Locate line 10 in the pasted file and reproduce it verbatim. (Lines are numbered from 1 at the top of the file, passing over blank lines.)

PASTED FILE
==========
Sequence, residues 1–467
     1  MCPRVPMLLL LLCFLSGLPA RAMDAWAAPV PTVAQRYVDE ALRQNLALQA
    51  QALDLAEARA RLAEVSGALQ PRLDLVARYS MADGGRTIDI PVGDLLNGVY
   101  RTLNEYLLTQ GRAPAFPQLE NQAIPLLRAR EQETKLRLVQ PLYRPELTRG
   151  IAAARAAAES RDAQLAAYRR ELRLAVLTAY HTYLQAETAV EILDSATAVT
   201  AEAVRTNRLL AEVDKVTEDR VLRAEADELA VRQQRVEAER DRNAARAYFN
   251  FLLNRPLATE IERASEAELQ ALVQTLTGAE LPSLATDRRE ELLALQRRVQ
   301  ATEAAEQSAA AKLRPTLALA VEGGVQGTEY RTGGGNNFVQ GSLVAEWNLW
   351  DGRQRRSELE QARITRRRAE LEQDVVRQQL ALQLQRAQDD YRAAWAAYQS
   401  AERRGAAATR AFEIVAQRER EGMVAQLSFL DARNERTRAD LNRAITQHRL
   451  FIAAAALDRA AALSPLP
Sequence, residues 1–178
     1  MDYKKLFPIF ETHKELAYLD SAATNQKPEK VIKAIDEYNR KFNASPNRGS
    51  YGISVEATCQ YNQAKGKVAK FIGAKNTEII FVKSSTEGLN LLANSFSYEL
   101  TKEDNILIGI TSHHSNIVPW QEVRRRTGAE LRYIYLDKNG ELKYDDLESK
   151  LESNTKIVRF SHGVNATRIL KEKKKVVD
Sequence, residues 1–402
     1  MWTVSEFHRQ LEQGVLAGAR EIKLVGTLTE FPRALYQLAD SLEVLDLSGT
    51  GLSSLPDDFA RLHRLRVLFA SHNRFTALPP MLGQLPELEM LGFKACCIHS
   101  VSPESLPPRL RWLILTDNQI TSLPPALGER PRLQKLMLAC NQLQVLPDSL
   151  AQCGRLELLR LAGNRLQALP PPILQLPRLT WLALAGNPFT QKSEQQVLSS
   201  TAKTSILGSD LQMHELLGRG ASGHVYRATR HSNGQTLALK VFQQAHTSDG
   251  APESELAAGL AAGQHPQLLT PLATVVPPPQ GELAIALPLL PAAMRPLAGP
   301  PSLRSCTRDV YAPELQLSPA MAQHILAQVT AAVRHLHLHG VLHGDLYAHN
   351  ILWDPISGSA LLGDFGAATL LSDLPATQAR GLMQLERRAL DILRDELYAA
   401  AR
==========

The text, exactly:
   401  AERRGAAATR AFEIVAQRER EGMVAQLSFL DARNERTRAD LNRAITQHRL